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Digital India: Short Form Videos are the future

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From Facebook and Instagram reels to Snapchat Spotlight and YouTube Shorts, it’s clear digital innovation is geared towards short format videos. In a country with burgeoning digital savviness, this trend seems to be on the cusp of a revolution. And research backs it.

According to a report titled , ‘Online Videos in India— The Long and Short of It’, released by management consulting firm, Bain & Company — short form video content is the future. The report adds that by 2025, India will have 650 million users who consume short-form videos (SFV).

At the recently concluded All About Music conference, Stephen Bryan, Global Head of Label Relations for YouTube, said, “Only last September, we started the roll-out of Shorts in India, and in less than a year since then, we’ve expanded globally across more than a hundred countries. As of July 2021, we have surpassed more than 15 billion views per day on Shorts.”

In the same vein, Shashank Shekhar Sr Director- Content Strategy & Operations at Moj, said, “Last year, the percentage of spend on influencer marketing within digital marketing was 2-3%, this year it is expected to grow at 3.5-4.5%.”

Indians, it seems, not just enjoying the consumption of the SFV format but also realising its potential for revenue generation.

Paras Sharma, Director & Head of Media Partnerships at Facebook echoed the sentiment at All About Music: “Reels are becoming the de facto discovery source for new music and new artistes but this is also where new trends in music are breaking out.” He added that Facebook alone accounts for six million new reels every day.

 

Shorts fired

SFV span 15 seconds to two minutes, and long-form videos (LFV) extend beyond two minutes. Last year’s Indian government ban on Tik Tok has spawned several homegrown solutions to satisfy the country’s need for SFV. Take Moj, MX Taka Tak, Roposo, Josh, Zili, and many others. Then there’s the international competition vying for the same space: Instagram, YouTube, Facebook, Snapchat and more. The time spent on these platforms has grown 3.5 times in user base and 12 times in total time spent. Approximately, 200 million Indians watched SFVs at least once in 2020, with daily active users spending up to 45 minutes a day, the report says. India has more than 50 million users who have created and posted at least one short video.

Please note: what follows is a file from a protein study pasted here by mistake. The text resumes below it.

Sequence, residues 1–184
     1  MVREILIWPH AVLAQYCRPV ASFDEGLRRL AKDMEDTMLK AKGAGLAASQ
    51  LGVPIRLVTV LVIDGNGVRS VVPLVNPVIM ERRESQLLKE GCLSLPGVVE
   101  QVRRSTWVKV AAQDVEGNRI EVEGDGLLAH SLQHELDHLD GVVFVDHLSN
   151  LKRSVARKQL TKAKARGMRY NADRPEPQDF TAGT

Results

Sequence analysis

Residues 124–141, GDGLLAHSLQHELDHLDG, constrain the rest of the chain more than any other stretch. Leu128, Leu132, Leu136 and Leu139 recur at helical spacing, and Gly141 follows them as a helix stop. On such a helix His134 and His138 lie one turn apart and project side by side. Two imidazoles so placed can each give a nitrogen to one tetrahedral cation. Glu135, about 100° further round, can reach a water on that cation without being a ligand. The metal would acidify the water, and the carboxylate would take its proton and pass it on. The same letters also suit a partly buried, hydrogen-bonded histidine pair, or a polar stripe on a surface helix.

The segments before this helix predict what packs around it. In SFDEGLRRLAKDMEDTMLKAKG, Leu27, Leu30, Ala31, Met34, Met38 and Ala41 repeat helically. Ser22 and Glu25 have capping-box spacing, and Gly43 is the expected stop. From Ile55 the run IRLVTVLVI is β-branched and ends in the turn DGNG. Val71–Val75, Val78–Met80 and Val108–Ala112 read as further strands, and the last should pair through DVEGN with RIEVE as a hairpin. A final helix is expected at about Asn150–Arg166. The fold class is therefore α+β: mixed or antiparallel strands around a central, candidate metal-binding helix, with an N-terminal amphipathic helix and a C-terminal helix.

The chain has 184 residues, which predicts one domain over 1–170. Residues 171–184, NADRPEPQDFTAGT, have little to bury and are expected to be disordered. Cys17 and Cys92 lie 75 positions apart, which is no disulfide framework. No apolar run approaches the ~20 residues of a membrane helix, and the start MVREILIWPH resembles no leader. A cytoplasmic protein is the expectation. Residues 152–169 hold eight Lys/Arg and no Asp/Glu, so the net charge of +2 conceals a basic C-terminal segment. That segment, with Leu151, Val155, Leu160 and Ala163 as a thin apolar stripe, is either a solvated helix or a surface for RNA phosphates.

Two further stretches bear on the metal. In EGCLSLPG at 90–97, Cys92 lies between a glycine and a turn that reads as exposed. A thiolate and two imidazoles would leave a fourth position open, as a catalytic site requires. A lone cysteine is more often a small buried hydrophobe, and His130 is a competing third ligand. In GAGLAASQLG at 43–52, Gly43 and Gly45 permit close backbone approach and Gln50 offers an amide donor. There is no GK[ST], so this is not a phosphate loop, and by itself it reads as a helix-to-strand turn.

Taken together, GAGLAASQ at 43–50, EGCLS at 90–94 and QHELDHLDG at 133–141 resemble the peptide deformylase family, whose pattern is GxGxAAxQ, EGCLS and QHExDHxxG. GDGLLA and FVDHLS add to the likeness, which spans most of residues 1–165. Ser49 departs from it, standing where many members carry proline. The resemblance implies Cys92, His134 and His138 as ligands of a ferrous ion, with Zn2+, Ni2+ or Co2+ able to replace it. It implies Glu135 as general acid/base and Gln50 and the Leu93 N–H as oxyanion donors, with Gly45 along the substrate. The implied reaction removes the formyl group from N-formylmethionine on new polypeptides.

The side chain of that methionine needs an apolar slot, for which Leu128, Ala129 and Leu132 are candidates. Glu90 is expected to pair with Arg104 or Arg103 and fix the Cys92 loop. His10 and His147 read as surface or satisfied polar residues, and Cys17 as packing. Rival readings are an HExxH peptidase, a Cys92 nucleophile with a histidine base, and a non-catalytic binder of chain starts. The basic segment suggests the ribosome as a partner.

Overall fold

Bain & Company’s report says, ‘India’s total online video user base has scaled to more than 350 million people. That’s a 24% growth from 2018 to 2020 and twice as fast as China and Indonesia’. Active usage per individual has also spiked exponentially: daily time spent per active user has increased by 60% to 70% over 2018-20. Most of the time spent on smart devices is relegated to entertainment, specifically video consumption.

In spite of the skewed gender and geographical ratios involved in the India’s SFV base –largely men from Tier-II and III locales – the format gaining is traction in metros, transcending age, sex and socio-economic classes.

In a statement, Arpan Sheth, partner and global leader of Bain & Company’s Vector Solutions Group said that India’s digital community sports approximately 640 million Internet users with 550 million smartphone users. Smartphone users spend about 4.8 hours on their devices daily, of which approximately an entire hour is dedicated to video consumption. However, online video user penetration in India is nearly 60% of Internet users, compared with more than 90% in China. The report claims that by 2025, three in four Internet users – that is almost 600 million Indians, will consume SFV – with active users spending up to an hour per day.

Visit Bain & Company for more insights 

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Author: Deborah Editor

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